And, of course, I also have compassion for employees and ambassadors who are embarrassed by this whole ordeal. But we needn’t distort reality here and view these folks as the sort of people deserving of the kind of compassion and pity we might extend to the truly oppressed and marginalized. They are in a tricky spot, to be sure. But this actually has very little to do with them. And we certainly do not need to rescue Lululemon in order to make things easier for those attached to the organization, nor do we need to continue to represent it or support it financially because nice people work there. This is a kind of “don’t throw the baby out with the bathwater” response, implying that there are lots of nice people there and “good energy” on the floor at Lululemon, etc, etc. Okay, sure. But if we are to muster a truly meaningful response, we must ask, what exactly is the baby here? Lululemon is a for-profit corporation, let us not forget. Well, how could we forget? The clothes are hilariously expensive, far out of the price range of many of us, and simply unreasonable for many who can afford it. The company’s primary goal is to make money and any promotion of (“actual”) yoga that takes place is secondary (some might even argue contradictory to) the entire enterprise. For example, when I am asked to teach free workshops at the local store on a Sunday morning, it does not escape me that the cost is very low to the company to offer this to “the community,” they do not pay the teacher, and, if the teacher is someone who can draw out a crowd, the store has brought in some 50-100 people ready to start shopping as soon as the class ends! It’s a win-win for them, of course. All of this is to simply say, beyond a commitment to yoga and an adherence to feminist principles, it is simply as a practical person concerned with the dangers of turning yoga into something to be consumed by the economic and social elite that I suggest we simply turn away, for good, from this company. What do we lose? Nothing. In fact, we can keep a lot of the money some of us may have been spending on clothes we didn’t need in the first place, certainly not to practice yoga, anyway. In other words, even without Wilson’s latest round of embarrassing comments, it seems time for us to say to each other, “Let’s stop spending so much money on yoga clothes and couture. It’s totally unnecessary! Let’s use our resources instead to support worthwhile projects and give our money to those who need it. Let’s also stop seeking personal gain from Lululemon—whether by way of some status, esteem, or even publicity that we may receive by associating with this brand (and I count myself in this group, for sure). Let’s all move on.”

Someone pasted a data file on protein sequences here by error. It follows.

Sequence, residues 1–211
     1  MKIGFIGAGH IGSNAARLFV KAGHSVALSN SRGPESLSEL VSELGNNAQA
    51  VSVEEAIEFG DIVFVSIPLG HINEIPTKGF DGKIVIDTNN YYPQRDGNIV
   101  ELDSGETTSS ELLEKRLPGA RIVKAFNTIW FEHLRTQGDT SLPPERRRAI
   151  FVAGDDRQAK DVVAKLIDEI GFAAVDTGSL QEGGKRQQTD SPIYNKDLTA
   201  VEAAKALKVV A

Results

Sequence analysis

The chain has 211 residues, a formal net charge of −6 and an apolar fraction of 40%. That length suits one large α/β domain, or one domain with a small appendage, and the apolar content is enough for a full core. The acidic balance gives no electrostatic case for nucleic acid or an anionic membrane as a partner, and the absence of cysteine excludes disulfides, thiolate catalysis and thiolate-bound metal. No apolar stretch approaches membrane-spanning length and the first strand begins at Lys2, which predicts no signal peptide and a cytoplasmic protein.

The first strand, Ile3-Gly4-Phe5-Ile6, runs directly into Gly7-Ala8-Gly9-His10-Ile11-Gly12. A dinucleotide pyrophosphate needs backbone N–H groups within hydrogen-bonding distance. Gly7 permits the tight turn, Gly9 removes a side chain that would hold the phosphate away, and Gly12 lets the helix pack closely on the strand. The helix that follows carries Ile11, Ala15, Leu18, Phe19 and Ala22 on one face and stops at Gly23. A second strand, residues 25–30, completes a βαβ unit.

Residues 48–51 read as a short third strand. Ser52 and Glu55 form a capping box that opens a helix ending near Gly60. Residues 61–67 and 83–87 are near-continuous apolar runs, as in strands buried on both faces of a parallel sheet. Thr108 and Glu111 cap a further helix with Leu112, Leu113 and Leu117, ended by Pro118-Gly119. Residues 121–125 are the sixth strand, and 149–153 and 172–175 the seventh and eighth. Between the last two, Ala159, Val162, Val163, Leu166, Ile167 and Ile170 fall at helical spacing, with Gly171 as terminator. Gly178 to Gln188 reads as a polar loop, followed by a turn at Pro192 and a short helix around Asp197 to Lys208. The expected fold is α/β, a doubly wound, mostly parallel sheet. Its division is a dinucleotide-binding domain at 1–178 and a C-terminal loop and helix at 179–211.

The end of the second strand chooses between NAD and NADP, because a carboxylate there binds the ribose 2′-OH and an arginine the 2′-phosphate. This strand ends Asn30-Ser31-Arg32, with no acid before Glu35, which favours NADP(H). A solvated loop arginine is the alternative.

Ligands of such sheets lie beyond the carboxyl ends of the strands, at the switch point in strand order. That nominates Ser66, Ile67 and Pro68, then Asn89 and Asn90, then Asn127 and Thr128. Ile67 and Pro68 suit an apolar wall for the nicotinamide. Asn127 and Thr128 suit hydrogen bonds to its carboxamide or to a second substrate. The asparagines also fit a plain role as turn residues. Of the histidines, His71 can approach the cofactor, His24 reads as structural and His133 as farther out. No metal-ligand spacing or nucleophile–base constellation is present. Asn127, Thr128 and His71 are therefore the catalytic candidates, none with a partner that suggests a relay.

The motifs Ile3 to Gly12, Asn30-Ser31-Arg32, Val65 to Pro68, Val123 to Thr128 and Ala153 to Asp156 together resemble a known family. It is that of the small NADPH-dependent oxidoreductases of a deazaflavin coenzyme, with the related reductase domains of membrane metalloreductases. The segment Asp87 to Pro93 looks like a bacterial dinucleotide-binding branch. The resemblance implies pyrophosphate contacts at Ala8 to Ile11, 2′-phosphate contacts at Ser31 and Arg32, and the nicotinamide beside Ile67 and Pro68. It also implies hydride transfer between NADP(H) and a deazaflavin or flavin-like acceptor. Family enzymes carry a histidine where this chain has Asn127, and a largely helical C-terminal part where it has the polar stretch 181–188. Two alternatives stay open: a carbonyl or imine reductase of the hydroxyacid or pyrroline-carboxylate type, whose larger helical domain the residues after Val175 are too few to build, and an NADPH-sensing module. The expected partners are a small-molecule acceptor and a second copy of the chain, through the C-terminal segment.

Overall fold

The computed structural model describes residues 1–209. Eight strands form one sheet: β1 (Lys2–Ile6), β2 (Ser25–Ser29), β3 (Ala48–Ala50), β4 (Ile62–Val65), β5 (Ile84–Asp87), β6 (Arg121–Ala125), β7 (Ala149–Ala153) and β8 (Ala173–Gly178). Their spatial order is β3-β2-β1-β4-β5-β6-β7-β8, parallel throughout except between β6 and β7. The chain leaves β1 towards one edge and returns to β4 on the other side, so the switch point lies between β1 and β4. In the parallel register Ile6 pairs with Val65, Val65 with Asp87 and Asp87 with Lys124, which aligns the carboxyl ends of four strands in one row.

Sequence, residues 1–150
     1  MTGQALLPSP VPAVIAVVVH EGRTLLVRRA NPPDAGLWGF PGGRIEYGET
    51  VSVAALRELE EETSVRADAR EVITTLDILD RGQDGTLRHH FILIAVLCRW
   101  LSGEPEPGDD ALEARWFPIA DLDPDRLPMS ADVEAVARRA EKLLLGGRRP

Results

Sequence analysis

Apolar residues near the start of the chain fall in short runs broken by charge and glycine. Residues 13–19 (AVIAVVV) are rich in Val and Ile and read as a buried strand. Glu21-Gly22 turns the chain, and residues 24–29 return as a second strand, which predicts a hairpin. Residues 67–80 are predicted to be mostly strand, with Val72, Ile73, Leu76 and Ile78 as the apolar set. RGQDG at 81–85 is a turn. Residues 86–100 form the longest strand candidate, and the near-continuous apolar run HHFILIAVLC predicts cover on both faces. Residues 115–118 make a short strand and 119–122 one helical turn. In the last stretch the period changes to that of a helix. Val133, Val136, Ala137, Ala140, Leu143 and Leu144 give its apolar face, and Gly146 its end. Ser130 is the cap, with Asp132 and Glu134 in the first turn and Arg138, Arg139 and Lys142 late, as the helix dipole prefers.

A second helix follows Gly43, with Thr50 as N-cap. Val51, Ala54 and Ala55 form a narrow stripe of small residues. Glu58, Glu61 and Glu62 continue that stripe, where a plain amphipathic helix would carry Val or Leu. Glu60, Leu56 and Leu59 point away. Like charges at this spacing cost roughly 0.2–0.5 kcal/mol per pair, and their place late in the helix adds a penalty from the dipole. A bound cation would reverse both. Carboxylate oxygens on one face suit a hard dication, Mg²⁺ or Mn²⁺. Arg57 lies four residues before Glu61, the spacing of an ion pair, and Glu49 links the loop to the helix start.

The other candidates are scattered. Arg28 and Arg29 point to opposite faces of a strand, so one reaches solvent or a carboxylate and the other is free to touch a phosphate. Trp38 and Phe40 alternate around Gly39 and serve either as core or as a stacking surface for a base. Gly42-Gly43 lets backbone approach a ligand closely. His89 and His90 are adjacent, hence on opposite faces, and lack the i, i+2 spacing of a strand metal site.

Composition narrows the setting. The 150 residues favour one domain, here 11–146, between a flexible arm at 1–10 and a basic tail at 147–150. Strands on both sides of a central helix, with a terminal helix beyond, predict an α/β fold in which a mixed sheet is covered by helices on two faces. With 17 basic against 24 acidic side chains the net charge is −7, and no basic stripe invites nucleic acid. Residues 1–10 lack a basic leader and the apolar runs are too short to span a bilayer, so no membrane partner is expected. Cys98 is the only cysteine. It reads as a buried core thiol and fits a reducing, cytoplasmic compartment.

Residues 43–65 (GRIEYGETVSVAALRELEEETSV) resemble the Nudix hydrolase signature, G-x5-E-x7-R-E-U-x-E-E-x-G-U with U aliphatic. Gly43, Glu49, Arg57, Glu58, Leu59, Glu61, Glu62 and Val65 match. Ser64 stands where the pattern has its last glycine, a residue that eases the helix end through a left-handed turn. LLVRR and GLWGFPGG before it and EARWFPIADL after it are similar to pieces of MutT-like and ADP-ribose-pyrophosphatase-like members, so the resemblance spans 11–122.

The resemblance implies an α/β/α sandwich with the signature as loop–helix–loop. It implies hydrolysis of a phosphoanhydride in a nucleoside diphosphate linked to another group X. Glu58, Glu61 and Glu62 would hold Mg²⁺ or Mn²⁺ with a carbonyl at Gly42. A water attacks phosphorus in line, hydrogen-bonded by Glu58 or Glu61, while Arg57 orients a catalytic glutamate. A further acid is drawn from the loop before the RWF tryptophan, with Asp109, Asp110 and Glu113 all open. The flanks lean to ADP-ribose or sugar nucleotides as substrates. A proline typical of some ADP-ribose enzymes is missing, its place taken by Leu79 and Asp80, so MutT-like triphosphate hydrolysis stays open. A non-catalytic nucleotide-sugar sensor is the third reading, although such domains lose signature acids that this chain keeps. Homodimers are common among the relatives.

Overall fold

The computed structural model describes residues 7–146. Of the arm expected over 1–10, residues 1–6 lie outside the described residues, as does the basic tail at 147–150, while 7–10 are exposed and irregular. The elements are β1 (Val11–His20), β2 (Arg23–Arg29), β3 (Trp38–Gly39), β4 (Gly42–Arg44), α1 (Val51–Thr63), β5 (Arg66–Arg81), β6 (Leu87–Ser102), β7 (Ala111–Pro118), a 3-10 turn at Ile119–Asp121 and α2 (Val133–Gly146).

Some problematic institutions are valuable enough to our culture and to our way of life that they demand of us some kind of engagement. They are worth our efforts to improve upon them and call them to account for bad behavior. Government, nations, churches, teachers, and yoga communities are just a few that come to mind. But to my mind, Lululemon is certainly not one such cultural institution, and that’s not meant to be a major slight against the corporation. But it strikes me that Lululemon doesn’t even come close to this sort of institution. Indeed, very few profit-seeking capitalist corporations would. But we needn’t be down about this or even spend any more time on it. The good news is clear: God doesn’t care what you wear and you can do yoga in plain old shorts and a t-shirt. You can even do it naked, if you please!

Peace and Love,

Hollie Sue